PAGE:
James Vincent McMorrow – Post Tropical

James Vincent McMorrow – Post Tropical

When you’ve got a voice like James Vincent McMorrow, it’s hard to make bad music, so it’s unsurprising that his second album, Post Tropical, is a particularly spectacular affair. McMorrow’s falsetto vocals are as hauntingly beautiful as in his debut 2010 album Early in The Morning, but influences of soul, R&B and hip hop add another carefully crafted dimension, transforming his music from that of more generic folk to something that stretches across many genres.

Red Dust” is a perfect example; McMorrow sings in a choir-like falsetto, accompanied by catchy, deconstructed electronic drumbeats in the background which give the track an R&B feel. It’s is dreamlike, and you almost feel like you need to be brought back down to earth after listening to the ending lyrics: “I need someone to love, I need someone to hold”. McMorrow’s new sound has been compared to James Blake; however, Post Tropical is so much more than anything Blake could produce, mainly due to McMorrow’s ghostly voice that’s impossible to erase from your mind after listening to any of tracks on the album.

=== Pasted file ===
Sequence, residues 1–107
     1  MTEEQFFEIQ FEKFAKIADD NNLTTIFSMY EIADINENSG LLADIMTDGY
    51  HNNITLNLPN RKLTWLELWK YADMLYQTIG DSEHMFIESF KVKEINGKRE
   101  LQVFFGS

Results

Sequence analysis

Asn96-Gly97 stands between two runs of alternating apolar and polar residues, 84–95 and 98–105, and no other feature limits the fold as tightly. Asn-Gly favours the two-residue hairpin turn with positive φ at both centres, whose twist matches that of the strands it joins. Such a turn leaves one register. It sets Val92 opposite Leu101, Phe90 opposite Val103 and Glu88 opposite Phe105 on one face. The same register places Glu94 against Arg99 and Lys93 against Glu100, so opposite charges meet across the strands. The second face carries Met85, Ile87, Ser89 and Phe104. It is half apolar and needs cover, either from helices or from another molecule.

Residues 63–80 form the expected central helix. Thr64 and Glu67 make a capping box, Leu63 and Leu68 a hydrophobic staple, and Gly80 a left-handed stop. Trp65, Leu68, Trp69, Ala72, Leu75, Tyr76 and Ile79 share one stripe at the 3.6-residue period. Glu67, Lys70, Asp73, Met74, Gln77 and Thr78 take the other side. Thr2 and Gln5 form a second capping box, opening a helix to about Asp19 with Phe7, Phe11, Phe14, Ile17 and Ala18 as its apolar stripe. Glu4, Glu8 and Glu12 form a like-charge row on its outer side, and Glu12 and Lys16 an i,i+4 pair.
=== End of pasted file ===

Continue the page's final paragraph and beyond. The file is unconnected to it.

To me, “Cavalier” is the best song on the album, and the sort of track that musicians have to produce many albums to achieve, but for McMorrow it just seems to come naturally. Whispery vocals over electronic keys and handclaps are followed by a brash earthiness composed of soaring symbols and organ sounds.  Post Tropical is a poetic collection of music. McMorrow’s well-crafted lyrics are plagued with longing, desire and hope, but also desperation and the mourning of past lovers, such as ‘I remember my first love’ in “Cavalier” and ‘when the sun comes, dry tears from my eyes’, in “Look Out”.

The opening minute of “Gold” is reminiscent of the folk sound of Early in the Morning, but layers of horns, guitars and snares surrounding the vocals give it a more soulful, pop sound. In contrast, “The Lakes” opens with a dreamy harp, which is then combined with a ’90s hip hop beat. The two work surprisingly well together.

When asked about Post Tropical, McMorrow told how ‘the guiding light for the record was to genuinely make something that I wanted to listen to’. Well, he’s not alone. The album may be significantly different to Early in the Morning, but it’s so refreshing to hear that it cannot be anything but warmly welcomed by fans of his earlier music.

Grace Marsh